Euro 2020 has provided a whole host of drama so far. With late winners, penalty shoot-outs and upsets aplenty but more attention needs to be paid to impact that the referees are having on the tournament’s excitement.
Former referee Keith Hackett is back once again as he joined Jason Pettigrove for another instalment of A Referee’s View.
We are now into the business end of Euro 2020 and the selection of referees for the semi-finals and final of what has been the very best European Championship on record.
Roberto Rossetti, Chairman of UEFA referees, has delivered a group of officials who have been on top form, and he should be rightly proud.
English Referees, Anthony Taylor and Michael Oliver, have delivered performances well above the standard that we witnessed last season in the Premier League.
Taylor, in particular, has been outstanding, his fitness level, movement and decision-making first-class.
Anthony Taylor is the first referee appointed to a knock-out stage game of @EURO2020
Well done, Tayls! pic.twitter.com/XsogNkXBVG
— @NW_Ref (@nw_ref) June 24, 2021
It highlights for me the poor leadership at the PGMOL. Their lack of clear leadership and direction, as well as over working our top referees, have influenced the standards of performance from Premier League officials.
For example, our top referees should just operate in the middle. There is no need for them to be seconded to VAR or operate as the fourth official.
Rossetti’s clarity on how he wanted VAR to operate has been first class in delivery and helped rather than hindered with offside decisions.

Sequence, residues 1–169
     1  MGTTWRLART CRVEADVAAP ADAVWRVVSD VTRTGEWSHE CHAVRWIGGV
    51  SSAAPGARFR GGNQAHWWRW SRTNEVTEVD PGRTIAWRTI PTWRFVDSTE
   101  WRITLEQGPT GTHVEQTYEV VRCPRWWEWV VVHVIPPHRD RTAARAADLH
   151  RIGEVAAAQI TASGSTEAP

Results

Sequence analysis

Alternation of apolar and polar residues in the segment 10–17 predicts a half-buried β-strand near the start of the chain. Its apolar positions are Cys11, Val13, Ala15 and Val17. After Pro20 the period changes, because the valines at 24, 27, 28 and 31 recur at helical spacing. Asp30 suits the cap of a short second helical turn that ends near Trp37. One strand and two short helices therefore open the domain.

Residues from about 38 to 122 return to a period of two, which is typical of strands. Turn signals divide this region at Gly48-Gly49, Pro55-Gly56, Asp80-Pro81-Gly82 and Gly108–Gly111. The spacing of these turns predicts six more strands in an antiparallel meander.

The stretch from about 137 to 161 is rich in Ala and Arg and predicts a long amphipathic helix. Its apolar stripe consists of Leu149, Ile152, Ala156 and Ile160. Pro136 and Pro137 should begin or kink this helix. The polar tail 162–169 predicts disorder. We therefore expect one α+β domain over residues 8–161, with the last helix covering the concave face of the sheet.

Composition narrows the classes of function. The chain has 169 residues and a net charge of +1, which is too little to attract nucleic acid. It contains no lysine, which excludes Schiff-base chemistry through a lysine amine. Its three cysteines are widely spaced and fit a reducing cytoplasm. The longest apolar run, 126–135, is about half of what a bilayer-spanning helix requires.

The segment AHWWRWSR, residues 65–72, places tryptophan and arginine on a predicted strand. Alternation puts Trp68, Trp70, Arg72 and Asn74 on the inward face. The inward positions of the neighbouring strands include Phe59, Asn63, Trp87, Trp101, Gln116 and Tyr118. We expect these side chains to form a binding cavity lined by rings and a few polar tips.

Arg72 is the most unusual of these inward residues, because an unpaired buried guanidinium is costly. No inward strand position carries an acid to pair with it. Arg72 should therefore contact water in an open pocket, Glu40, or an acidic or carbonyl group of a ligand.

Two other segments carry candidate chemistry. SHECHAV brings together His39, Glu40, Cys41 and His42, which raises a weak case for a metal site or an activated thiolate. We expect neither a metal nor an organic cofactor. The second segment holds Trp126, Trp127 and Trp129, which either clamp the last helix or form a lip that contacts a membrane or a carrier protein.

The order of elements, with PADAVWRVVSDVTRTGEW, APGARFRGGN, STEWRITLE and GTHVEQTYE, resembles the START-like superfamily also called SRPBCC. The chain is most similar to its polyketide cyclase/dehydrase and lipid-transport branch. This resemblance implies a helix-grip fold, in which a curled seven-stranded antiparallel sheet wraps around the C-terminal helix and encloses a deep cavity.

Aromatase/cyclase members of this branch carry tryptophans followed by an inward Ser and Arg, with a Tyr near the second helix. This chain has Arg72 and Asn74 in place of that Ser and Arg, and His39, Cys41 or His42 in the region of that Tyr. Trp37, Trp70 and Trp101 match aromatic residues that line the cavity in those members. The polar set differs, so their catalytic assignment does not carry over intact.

No toes coming into play thanks to the widening of the offside lines that are used, and we haven’t seen the process (i.e. the ridiculous margins that VAR operatives are sometimes working with), just the decision.
Let’s hope these standards will remain for the remaining games.
VAR and foul challenges
One area I am becoming increasingly concerned with is how foul challenges are being reviewed in the VAR process.
As I’ve said above, I have been very impressed with how VAR has been operating at Euro 2020, but I wonder if reviewing foul challenges in slow-motion rather than real time speed is impacting negatively on the outcome.
Frankly when reviewing challenges in such a manner, invariably a red card is always going to be the outcome.
Is this what the game wants? Is it fair?
I understand the law and the need to protect players and I am fully aware of a player’s duty of care requirements when making a challenge. However, we owe it to the game that the system is fair.
In the Sweden v Ukraine game, the referee was asked by the VAR to review the challenge by Sweden’s Marcus Danielson on an opponent.
Danielson had appeared to win the ball fairly and managed to clear it up field, however, in the process of winning the ball he was challenged by an opponent who was trying to close him down.
The Ukraine player continued his run towards Danielson whose raised foot made contact high up the leg of his opponent.
The referee was close by and had a good view of the incident. When he looked at the review, he was faced with a rather distorted view because of the slow-motion replay.
— talkSPORT (@talkSPORT) June 29, 2021
The inevitable outcome was to issue the red card.
There is no doubt in my mind that using slow-motion replays distorts and is unfair.
Please let us change the criteria in the interests of fair play and ensure that incidents which are going to be reviewed, are done at normal speed and rely solely on the expert eye of the referee when taking a second look.
The current reality is that we all know once a referee goes to review a challenge like the one last night, the slowed down version of the incident leaves the referee with no alternative other than to issue a red card.
If I was in the same position, I would have also issued a red card based on what I am viewing on the replay, but that’s clearly not the way forward.